The 20th anniversary release of Acoustic Routes is a celebration of Bert Jansch, one of the most notable acoustic guitar players the world has seen. The original Acoustic Routes film has been re-mastered and rereleased on DVD, with Billy Connolly at the helm. We talk to producer Jan Leman, and some of the stellar cast of folk musicians who made this film, documenting the life of Bert Jansch.
Bert Jansch was a man whose music touched the hearts and minds of a lot of guitarists, but without touching the charts very often. When I was a teenager first learning guitar, I used to borrow books about the instrument from the library, and Bert Jansch was always mentioned as the acoustic guitarist, greatest of them all. Despite this, I had never seen him on TV, he wasn’t in my dad’s record collection, and I never came across his work in any record shops I used to haunt obsessively. In 1993, documentary maker Jan Leman decided it was time to do something about that criminally low profile, and the documentary Acoustic Routes, presented by Billy Connolly and focussing on Jansch, but featuring a cast of legends from Brownie McGhee to Anne Briggs, was born. The documentary brought many of the denizens of the London folk scene of the 60s back together in their old haunts, and featured rare period footage as well as new performances from some great combinations. It was released on VHS, and shown a little on TV, but 20 years later, and with Jansch sadly no longer with us, Leman finally achieved something this year that he’s been trying for years to do, and got the movie rereleased. It’s a story that highlights enduring friendships, perfectly painting the world in which Bert lived – a musician who went on to inspire countless generations of musicians, including Neil Young and Bob Dylan. We caught up with him, and various members of the cast, prior to the film’s anniversary release.
Tell me a little about your history and what led you to make the film Acoustic Routes…
Jan Leman: I work as a film director and editor of documentaries, and have done for about 25 years, but it was my friendships with Bert and Ralph that were the starting points for the movie. When I got to know Bert in the late 1980s, it just seemed absurd that these guys, who were really the people making our indigenous music, were being ignored. Really Bert is a primary source of music for the UK; his story was known, but not widely told, and I had got to know Bert, I would drive him to gigs and agreed that we would make some recordings and research. It became clear that there was a set of people we needed to interview; I tried to raise enough money for the film, but nobody was interested, and in the end we said, “Sod it, let’s just make it”. I saved up enough to do a pilot day in Edinburgh, and with the results of that, we managed to pick up some more funding, and Ralph managed to persuade Billy Connolly to get involved, and with that confirmation it became a lot easier to secure money to continue. A key destination of what we wanted to do was to reunite Bert and Brownie McGhee; it was Brownie coming to play in Edinburgh, and Bert going to see him at 15 or 16 that had lit the touchpaper for Bert’s career. For me, that meeting remains a highlight of the film.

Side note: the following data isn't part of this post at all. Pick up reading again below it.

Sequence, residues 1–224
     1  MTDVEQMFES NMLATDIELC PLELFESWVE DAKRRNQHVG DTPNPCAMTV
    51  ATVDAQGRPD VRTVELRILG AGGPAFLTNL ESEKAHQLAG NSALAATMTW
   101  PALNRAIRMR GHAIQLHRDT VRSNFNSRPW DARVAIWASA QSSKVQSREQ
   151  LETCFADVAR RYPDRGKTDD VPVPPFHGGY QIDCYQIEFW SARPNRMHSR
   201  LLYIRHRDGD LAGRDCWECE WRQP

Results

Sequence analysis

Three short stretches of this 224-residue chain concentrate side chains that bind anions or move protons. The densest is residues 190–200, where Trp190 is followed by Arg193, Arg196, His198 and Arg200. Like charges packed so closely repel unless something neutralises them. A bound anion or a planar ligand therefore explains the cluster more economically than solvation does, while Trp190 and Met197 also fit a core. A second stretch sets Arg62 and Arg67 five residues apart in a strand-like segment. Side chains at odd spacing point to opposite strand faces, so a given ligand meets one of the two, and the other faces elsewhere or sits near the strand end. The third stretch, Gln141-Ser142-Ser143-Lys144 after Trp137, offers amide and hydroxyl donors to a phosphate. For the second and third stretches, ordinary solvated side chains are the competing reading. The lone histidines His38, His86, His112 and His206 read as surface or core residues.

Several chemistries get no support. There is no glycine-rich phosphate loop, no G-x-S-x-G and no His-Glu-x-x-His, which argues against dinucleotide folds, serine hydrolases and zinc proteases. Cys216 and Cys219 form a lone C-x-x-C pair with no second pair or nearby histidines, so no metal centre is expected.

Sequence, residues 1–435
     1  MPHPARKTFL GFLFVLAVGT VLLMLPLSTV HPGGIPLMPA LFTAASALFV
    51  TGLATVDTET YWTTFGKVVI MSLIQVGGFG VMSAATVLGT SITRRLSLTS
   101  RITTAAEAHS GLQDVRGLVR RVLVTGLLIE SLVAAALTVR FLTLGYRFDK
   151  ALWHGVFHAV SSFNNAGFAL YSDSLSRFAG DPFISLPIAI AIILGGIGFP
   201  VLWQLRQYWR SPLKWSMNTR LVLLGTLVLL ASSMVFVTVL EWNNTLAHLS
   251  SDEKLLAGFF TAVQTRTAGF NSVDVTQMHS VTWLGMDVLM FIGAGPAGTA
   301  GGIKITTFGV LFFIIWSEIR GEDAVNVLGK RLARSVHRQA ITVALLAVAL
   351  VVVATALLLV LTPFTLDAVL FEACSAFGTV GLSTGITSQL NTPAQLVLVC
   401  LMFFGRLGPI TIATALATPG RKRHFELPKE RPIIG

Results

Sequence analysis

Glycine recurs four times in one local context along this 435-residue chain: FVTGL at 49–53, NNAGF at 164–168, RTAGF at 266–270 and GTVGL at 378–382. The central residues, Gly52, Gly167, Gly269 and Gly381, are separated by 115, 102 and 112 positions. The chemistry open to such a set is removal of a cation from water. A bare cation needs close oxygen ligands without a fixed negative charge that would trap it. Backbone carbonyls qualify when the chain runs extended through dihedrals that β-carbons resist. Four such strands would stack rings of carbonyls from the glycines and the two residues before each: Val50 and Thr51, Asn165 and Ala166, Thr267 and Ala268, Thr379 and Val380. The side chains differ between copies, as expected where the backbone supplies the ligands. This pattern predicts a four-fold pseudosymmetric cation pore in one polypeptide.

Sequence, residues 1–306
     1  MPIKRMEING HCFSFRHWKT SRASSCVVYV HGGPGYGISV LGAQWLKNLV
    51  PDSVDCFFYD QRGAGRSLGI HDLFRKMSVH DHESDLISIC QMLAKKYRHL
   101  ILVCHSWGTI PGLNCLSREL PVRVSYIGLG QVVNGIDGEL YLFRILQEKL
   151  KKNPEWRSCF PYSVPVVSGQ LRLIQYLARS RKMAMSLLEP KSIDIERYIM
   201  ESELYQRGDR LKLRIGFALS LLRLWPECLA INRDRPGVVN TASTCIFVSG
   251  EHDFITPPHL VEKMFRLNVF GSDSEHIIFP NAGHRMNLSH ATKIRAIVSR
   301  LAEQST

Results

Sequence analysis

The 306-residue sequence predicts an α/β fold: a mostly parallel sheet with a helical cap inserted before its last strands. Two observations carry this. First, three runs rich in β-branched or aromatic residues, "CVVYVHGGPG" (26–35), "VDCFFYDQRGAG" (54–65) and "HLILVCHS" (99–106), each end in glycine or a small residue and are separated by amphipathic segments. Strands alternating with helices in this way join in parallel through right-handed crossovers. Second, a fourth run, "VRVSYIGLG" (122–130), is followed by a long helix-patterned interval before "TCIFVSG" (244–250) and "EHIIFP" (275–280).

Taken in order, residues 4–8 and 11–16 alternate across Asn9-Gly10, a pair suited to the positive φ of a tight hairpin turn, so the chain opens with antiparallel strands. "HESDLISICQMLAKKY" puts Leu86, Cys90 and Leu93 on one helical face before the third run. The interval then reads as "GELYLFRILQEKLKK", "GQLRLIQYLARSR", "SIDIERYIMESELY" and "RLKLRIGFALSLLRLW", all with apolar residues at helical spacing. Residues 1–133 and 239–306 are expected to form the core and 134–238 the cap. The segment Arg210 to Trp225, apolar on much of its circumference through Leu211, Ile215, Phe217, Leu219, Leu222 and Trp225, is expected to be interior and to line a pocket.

You interviewed some publicity shy people for this, notably Anne Briggs. Was it hard to get their permission?
Jan Leman: Yes and no. When we drew up the list of people we wanted, Anne was very near the top of the list, and it was only her close friendship with Bert that made it possible. You’re right, though, some of these people are so very shy, but it was a testament to the trust that we’d built up, and more than that, the respect in which Bert is held, that Anne was willing to get involved.
How did you track down some of the early footage of the likes of Davy Graham and Jackson Frank? what were the challenges involved in getting permission to use it?
Jan Leman: The Jackson Frank thing is partly because I’d had the experience of how to find things in the BBC archive, and we had a really excellent researcher called Jeannie Clarke. Jackson’s piece of film was actually earmarked for destruction, and it only survived because some cards got switched around, but the girl in the background lighting up a cigarette is Sandy Denny, who Jackson was dating at the time! Apparently more early stuff of Bert in Denmark has reappeared since, but that remains the only footage of Jackson Frank in existence. The Holy Grail would have been to find some footage of Madhouse in Castle Street, the play that Dylan appeared in, but we weren’t able to find anything like that. The Davy Graham piece was from an early edition of Monitor, and so that was easy to find, since the BBC had fortunately not decided to get rid of it.
Many documentary makers make themselves the narrator; what made you choose Billy Connolly?
Jan Leman: It’s not about me, and it was never about me. I know that might sound counter-intuitive, but if I have a purpose at all, it’s that I can be a conduit for other people to tell their stories.
Has the meaning and importance of this documentary changed for you in the 20 years since its first release?